Love, Friendship, Beauty, and the Good: Plato, Aristotle, and the Later Tradition

Love, Friendship, Beauty, and the Good: Plato, Aristotle, and the Later Tradition

by Kevin Corrigan

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Overview

This book tells a compelling story about love, friendship, and the Divine that took over a thousand years to unfold. It argues that mind and feeling are intrinsically connected in the thought of Plato, Aristotle, and Plotinus; that Aristotle developed his theology and physics primarily from Plato's Symposium (from the ""Greater"" and ""Lesser Mysteries"" of Diotima-Socrates' speech); and that the Beautiful and the Good are not coincident classes, but irreducible Forms, and the loving ascent of the Symposium must be interpreted in the light of the Republic, as the later tradition up to Ficino saw. Against the view that Platonism is an escape from the ambiguities of ordinary experience or opposed to loving individuals for their own sakes, this book argues that Plato dramatizes the ambiguities of ordinary experience, confronts the possibility of failure, and bequeaths erotic models for the loving of individuals to later thought. Finally, it examines the Platonic-Aristotelian heritage on the Divine to discover whether God can love us back, and situates the dramatic development of this legacy in Plotinus, Iamblichus, Proclus, and Dionysius the Areopagite.

""Love, Friendship, Beauty, and the Good debunks the academic myth which has encased ancient philosophy and its later pagan and Christian permutations in a curio box, available for a sterile analytical examination, but devoid of relevance to the nitty-gritty psychology of our daily life. It takes a lifetime of experience and expertise to reexamine the relationship between being and thinking in the most Cartesian of ways. Corrigan does just this with reason and passion.""
--Svetla Slaveva-Griffin, Florida State University

""In this small volume, Corrigan shows convincingly that . . . Plato and his successors held that such experiences as love, pleasure, and desire are entirely compatible with divine transcendence, without which there can be no real immanence and no real love of individuals without the vertical dimension that makes this possible.""
--John D. Turner, University of Nebraska-Lincoln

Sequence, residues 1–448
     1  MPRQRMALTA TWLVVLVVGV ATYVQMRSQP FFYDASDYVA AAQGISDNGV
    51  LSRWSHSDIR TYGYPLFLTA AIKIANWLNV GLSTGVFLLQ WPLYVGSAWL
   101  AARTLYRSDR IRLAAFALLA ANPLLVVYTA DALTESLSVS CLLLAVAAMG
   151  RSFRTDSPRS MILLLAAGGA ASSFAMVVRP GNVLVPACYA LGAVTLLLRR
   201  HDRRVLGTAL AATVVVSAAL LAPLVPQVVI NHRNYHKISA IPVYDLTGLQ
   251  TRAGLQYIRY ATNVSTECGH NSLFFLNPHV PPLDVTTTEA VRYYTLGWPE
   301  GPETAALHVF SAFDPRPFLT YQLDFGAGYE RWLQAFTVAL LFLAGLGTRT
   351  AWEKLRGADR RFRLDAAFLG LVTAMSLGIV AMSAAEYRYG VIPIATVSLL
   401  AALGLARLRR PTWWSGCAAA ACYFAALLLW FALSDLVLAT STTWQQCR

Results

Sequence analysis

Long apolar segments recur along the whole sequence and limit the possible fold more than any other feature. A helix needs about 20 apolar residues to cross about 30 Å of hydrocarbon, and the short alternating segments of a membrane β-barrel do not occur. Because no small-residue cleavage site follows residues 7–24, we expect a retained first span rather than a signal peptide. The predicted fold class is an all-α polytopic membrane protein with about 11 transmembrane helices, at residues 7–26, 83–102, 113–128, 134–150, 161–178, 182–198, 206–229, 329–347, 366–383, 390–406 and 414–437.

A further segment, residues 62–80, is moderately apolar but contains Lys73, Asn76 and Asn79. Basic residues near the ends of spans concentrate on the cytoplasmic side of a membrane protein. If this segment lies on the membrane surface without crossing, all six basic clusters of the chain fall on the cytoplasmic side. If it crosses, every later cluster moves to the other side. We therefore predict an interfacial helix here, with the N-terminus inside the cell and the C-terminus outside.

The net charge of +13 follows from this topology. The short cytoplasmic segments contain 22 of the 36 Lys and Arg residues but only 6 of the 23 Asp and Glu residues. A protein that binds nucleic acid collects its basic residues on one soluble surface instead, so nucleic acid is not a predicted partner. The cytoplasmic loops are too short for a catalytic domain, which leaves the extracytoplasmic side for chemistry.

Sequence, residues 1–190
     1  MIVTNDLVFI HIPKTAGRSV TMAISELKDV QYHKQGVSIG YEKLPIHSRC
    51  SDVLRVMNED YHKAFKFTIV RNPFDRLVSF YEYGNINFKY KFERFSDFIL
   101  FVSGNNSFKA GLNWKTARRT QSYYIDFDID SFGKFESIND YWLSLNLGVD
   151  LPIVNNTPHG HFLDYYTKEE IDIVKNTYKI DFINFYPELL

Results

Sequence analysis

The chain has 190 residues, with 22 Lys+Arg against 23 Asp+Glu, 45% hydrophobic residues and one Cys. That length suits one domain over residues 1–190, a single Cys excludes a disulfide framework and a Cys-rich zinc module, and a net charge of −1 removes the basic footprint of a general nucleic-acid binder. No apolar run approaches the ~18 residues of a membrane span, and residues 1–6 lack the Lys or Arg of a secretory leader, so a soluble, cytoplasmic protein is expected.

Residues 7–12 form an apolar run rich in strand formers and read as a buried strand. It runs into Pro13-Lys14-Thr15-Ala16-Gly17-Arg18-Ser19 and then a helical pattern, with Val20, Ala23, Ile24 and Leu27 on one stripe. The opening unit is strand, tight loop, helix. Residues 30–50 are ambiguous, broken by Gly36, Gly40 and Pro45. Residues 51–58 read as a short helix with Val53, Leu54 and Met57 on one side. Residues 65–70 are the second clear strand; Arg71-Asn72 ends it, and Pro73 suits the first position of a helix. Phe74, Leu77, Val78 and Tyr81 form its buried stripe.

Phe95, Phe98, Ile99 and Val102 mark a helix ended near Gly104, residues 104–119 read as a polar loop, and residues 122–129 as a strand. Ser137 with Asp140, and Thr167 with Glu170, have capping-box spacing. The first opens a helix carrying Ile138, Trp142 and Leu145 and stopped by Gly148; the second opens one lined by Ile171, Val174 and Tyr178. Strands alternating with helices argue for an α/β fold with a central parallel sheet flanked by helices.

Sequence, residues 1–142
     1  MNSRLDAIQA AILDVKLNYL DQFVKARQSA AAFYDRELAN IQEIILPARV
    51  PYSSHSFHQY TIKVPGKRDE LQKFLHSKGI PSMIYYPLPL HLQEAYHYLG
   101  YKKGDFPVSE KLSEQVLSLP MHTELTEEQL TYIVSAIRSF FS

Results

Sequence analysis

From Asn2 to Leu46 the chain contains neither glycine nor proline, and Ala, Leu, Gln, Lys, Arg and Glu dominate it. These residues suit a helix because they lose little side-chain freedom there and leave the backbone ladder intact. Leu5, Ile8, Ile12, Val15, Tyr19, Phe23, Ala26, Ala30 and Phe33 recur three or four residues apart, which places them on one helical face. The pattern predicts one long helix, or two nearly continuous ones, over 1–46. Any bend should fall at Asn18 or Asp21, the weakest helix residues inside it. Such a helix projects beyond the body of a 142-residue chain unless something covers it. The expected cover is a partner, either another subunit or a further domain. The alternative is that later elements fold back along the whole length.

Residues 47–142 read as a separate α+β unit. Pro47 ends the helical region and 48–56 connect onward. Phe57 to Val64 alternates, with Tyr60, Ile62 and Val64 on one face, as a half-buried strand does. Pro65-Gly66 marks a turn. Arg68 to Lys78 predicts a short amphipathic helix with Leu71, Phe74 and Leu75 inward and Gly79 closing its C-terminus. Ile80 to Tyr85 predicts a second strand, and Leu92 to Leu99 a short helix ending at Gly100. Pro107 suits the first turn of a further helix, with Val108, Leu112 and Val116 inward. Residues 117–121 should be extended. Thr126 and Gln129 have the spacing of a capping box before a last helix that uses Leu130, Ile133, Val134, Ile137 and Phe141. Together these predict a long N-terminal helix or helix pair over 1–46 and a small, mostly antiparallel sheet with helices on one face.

""Kevin Corrigan, noted authority on both Plato himself and the later Platonist tradition, particularly Plotinus, has here produced a remarkable study of the role of love in both stages of that tradition.""
--John Dillon, Trinity College Dublin

""In this multifaceted gem of a book, Corrigan expertly guides us to understand more deeply and anew the perennial themes of love and friendship both in Platonism and in our own lives. . . . This is a valuable book and a model of concision.""
--Arthur Versluis, author of Platonic Mysticism

""[A]n arresting revisionist essay. . . . This book should be required reading for students of ancient philosophy and early Christian theology.""
--John Peter Kenney, Saint Michael's College

Kevin Corrigan is Samuel Candler Dobbs Professor of Interdisciplinary Humanities, Department of Middle Eastern and South Asian Studies, Emory University, Atlanta. He is the author of Gregory and Evagrius: Mind, Soul and Body in the 4th Century (2009); Reason, Faith and Otherness in Neoplatonic and Early Christian Thought (2017); Plotinus, Ennead VI 8: On the Voluntary and on the Free Will of the One (2017, with John D. Turner).

Product Details

ISBN-13: 9781532645495
Publisher: Wipf & Stock Publishers
Publication date: 08/03/2018
Series: Veritas , #26
Pages: 170
Product dimensions: 6.00(w) x 9.00(h) x 0.34(d)

About the Author

Kevin Corrigan is Samuel Candler Dobbs Professor of Interdisciplinary Humanities, Department of Middle Eastern and South Asian Studies, Emory University, Atlanta. He is the author of Gregory and Evagrius: Mind, Soul and Body in the 4th Century (2009); Reason, Faith and Otherness in Neoplatonic and Early Christian Thought (2017); Plotinus, Ennead VI 8: On the Voluntary and on the Free Will of the One (2017, with John D. Turner).

Table of Contents

Acknowledgements vii

Abbreviations viii

Introduction ix

1 Desire, Love, and Ascent through the Beautiful to the Good 1

1.1 Love and desire 4

1.2 Intellect and desire 9

1.3 Ascent to the beautiful and the good: Aristotle, Metaphysics 12.7 12

1.4 Ascent to the beautiful and the good: Plato, the Symposium and Republic 23

1.5 Plato and Aristotle 27

1.6 Alcinous 31

1.7 Plotinus (and Porphyry) 32

1.8 Proclus 37

1.9 Marsilio Ficino 44

1.10 Conclusions 45

2 Friendship and Love of the Individual 50

2.1 Friendship in the Platonic tradition: The Lysis, Alcibiades I, and Symposium 53

2.2 Loving individuals 59

2.3 The ambiguities of ordinary experience 60

2.4 The Symposium and Pausanias speech 62

2.5 Different models of erotic friendship in the Symposium, Phaedrus, and later Platonism 65

2.6 Plotinus: lateral attachment and reflexivity 67

2.7 Proclus: Pausanias' speech in light of the Phaedrus 69

2.8 Marsilio Ficino: Pausanias' speech and the Symposium as a whole 71

2.9 Conclusions 75

3 The Problem of Divine Love 82

3.1 Pleasure, pre-inclusion, joy, and vulnerability 82

3.2 Self-relatedness, inclusion, pre-inclusion? 83

3.3 Pleasure and indivisible wholeness 86

3.4 Plotinus: the joy of existence 96

3.5 Implicate and explicate orders in Plotinus: Divine love? 102

3.6 Later Neoplatonism: Iamblichus and Proclus 105

3.7 Dionysius and Divine loving 111

Conclusion 114

Select Bibliography 127

Index Locorum 135

Index of Subjects and Names 145

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